New cards are unlocked by completing matches (very slow and only a basic subset) or by buying packs of random “Rare” (AKA: OP) cards from the store. You can get these with currency you earn by winning matches (which is actually not very hard) or you could go full-one mental and just buy a load of packs if winning means that much to you. Given that I’m not into the whole deck-building thing and the in-game strategy is a nice casual experience, I can’t seem to get myself that worked up whether I win or lose. Hence it’s unlikely I’m going to be parting with my cash anytime soon. At the end of the day it’s a card game with a degree of luck involved, to my mind you’d have to be mental to spend 50 Euros on virtual cards, but I know people who’ve done just that.

There is one nice touch to the game. If you don’t want to play against people with OP cards you can compete in an “Arena” where you’re both assigned balanced and random cards to build your deck before competing, the kicker is that this costs money to do. So if you spend virtual currency you can “compete” in the balanced part with no advantage for pay users. You’re basically paying to avoid being roflstomped by someone who spent more than you. Genius. If you’re good enough you can earn currency in the “Arena” in which case it pays for itself and lets you play until (like me) you rack up enough losses.

To someone who’s definitely not the target audience (never got into WoW, little to no knowledge of the Warcraft lore outside of the original strategy games, never played nerdy card games), Hearthstone is a great distraction for 10-20 minutes at a time when I should be doing something else or on a conference call (just like Triple Town, Plants Vs Zombies 2 or even Candy Crush), and that’s just fine. It’s just not enough to inspire me to shell out and start getting into Magic: The Gathering or any other of its card-based brethren anytime soon…

Anyhow, I’ve still not seen any of the Star Wars movies so I guess that’s still something I can still troll the studio nerds with…


Jan 142014

Outlast is scary. Not just “creepy” like say, an over-enthusiastic uncle or a young Conservative, but more like the kind of full-on mentalist terror you feel when you realise that curry you ate isn’t going to stay in.

Plotwise it’s somewhere between Shutter Island (yes, the Scorcese/Di Caprio movie) and the Silent Hill games. You play an investigative journalist who receives a tip-off about some nefarious activity at a nearby asylum. Like every good horror story protagonists your character makes a series of dick moves, resulting in you being stuck inside.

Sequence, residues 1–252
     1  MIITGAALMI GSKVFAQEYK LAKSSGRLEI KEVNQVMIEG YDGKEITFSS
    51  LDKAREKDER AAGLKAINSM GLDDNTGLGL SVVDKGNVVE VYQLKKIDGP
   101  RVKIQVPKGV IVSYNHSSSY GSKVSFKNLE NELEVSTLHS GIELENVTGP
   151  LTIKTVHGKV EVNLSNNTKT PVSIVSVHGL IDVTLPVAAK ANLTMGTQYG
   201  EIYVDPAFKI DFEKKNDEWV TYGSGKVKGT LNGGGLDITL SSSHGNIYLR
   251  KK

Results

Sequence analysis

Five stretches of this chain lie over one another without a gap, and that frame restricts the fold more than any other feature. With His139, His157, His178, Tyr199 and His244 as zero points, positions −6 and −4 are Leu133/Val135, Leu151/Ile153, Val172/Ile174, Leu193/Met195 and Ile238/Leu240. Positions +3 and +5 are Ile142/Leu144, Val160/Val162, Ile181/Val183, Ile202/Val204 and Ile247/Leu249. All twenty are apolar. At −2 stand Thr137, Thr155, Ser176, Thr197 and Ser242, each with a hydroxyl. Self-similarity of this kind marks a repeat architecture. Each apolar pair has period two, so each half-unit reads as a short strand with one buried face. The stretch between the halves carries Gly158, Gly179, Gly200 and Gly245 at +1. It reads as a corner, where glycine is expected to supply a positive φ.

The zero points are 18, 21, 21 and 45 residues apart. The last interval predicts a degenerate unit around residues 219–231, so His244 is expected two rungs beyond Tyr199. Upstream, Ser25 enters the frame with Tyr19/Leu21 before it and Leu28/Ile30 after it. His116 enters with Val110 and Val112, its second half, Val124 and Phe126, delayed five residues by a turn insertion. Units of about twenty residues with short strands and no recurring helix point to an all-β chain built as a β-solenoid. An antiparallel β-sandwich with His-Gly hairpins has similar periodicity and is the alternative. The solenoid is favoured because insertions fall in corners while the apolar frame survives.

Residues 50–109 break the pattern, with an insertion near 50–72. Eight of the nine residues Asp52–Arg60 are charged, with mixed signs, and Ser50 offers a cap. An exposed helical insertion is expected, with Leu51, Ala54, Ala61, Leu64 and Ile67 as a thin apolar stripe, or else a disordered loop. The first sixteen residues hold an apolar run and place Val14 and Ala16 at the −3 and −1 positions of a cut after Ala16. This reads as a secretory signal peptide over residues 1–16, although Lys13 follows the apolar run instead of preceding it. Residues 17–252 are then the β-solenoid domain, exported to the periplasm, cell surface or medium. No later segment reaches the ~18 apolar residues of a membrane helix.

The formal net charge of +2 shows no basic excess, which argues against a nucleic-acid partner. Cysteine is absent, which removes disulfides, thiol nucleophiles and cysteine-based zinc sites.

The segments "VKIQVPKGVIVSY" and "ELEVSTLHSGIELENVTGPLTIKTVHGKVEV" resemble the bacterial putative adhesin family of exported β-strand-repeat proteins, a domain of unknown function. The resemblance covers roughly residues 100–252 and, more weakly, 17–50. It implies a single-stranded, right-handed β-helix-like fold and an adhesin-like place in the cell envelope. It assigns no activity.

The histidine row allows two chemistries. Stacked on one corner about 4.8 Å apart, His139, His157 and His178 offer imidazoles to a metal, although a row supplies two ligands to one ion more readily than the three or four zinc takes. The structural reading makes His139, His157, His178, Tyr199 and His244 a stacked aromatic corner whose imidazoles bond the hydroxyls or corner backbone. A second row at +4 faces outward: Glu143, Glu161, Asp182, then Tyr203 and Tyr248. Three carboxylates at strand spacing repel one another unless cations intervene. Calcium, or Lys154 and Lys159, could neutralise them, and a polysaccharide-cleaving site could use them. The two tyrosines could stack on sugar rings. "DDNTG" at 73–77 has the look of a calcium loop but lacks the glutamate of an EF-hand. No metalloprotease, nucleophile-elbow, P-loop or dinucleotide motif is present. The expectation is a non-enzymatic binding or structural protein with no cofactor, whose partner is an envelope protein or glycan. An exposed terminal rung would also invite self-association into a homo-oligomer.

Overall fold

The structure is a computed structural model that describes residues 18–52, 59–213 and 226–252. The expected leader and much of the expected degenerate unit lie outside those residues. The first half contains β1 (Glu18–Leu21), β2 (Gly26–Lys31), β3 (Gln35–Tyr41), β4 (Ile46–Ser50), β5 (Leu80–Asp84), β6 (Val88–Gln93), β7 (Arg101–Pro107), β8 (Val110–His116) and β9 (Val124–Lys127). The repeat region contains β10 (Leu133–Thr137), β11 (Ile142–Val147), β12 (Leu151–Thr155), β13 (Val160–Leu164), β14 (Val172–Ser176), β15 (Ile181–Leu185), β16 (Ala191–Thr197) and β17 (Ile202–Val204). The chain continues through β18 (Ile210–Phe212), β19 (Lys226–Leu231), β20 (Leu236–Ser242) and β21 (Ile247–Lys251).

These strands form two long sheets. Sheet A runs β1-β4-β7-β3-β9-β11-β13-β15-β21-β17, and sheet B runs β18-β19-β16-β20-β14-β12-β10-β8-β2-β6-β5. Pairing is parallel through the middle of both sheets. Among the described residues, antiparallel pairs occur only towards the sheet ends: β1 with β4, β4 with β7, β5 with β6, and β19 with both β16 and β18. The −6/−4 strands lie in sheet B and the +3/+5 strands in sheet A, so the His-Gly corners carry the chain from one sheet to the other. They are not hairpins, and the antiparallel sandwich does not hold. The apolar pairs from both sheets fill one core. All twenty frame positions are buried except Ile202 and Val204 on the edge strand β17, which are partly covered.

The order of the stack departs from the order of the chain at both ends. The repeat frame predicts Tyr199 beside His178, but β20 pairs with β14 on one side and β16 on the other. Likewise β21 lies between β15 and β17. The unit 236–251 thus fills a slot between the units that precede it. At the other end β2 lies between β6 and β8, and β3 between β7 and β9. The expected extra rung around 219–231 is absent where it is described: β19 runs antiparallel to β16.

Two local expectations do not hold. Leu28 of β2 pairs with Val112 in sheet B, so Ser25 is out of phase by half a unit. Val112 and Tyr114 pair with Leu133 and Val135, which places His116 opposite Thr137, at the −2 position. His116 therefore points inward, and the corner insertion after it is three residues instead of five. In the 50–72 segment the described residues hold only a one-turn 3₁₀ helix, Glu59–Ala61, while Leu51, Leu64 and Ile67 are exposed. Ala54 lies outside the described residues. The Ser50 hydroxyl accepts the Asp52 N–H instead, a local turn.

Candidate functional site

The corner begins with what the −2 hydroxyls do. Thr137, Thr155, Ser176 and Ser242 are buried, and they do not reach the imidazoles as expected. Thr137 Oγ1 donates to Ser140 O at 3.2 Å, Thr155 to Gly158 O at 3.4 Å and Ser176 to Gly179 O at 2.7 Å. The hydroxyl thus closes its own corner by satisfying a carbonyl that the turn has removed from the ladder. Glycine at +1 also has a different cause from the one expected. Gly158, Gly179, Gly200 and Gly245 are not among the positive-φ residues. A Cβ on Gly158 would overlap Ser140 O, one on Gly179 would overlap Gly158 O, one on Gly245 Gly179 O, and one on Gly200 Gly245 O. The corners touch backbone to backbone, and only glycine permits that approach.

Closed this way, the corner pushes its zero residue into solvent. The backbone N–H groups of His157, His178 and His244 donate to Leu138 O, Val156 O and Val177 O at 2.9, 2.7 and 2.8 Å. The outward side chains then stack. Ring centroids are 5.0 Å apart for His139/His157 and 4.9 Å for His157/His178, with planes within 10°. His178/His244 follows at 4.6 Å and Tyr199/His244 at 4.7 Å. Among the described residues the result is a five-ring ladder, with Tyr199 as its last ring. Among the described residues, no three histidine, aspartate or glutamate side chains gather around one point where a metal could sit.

Outlast is probably the scariest game I’ve ever played, the main reason being that your character is as about as safe as cupcake on the set of Oprah . Being completely defenceless the only thing your terrified character can do when you encounter enemies is hide (in the dark, under beds, in the closet) and enemies will try and hunt you down. Also, most of the game takes place in almost total darkness, so you have to rely on the poor visibility of the nightvision on your camera to try and get by, which ratchets up the tension further. To top it all off, the content and the subject matter is at time really dark. There are scenes and concepts in the game which you won’t forget it anytime soon.

The initial 2 or 3 hours are awesome. What lets it down is that the repetition starts to set in about half way through with the same shocks popping up (they’ll still make you jump), the same enemies stalking you and more and more fetch quests (albeit in different locations). Thankfully the change of pace toward the final third lifts things and the game manages to pull off a tense final sequence with a nice wrap up to the plot.

Though not a long game (4-6 hours), it would probably have benefitted from being a bit shorter and more concise. Nonetheless Outlast is a fun experience while it lasts. Given that there’s almost fuck all else on PS4 right now, you’ve no excuse to not download it when it comes out on February 5th.